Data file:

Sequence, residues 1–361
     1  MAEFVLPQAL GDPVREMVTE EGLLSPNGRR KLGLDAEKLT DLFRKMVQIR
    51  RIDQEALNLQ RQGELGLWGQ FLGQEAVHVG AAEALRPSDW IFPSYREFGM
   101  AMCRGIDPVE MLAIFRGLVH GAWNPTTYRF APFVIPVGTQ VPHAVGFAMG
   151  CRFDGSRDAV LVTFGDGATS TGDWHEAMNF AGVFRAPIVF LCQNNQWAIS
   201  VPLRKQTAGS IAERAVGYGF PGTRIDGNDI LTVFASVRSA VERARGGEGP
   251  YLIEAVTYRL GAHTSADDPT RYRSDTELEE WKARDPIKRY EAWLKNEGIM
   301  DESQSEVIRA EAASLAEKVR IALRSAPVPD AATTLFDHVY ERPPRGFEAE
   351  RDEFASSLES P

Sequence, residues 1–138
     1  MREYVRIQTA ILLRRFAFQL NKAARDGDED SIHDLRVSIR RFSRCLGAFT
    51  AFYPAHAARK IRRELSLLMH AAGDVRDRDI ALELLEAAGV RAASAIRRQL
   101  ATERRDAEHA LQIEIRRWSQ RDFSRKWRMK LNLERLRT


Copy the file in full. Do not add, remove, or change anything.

Sequence, residues 1–361
     1  MAEFVLPQAL GDPVREMVTE EGLLSPNGRR KLGLDAEKLT DLFRKMVQIR
    51  RIDQEALNLQ RQGELGLWGQ FLGQEAVHVG AAEALRPSDW IFPSYREFGM
   101  AMCRGIDPVE MLAIFRGLVH GAWNPTTYRF APFVIPVGTQ VPHAVGFAMG
   151  CRFDGSRDAV LVTFGDGATS TGDWHEAMNF AGVFRAPIVF LCQNNQWAIS
   201  VPLRKQTAGS IAERAVGYGF PGTRIDGNDI LTVFASVRSA VERARGGEGP
   251  YLIEAVTYRL GAHTSADDPT RYRSDTELEE WKARDPIKRY EAWLKNEGIM
   301  DESQSEVIRA EAASLAEKVR IALRSAPVPD AATTLFDHVY ERPPRGFEAE
   351  RDEFASSLES P

Sequence, residues 1–138
     1  MREYVRIQTA ILLRRFAFQL NKAARDGDED SIHDLRVSIR RFSRCLGAFT
    51  AFYPAHAARK IRRELSLLMH AAGDVRDRDI ALELLEAAGV RAASAIRRQL
   101  ATERRDAEHA LQIEIRRWSQ RDFSRKWRMK LNLERLRT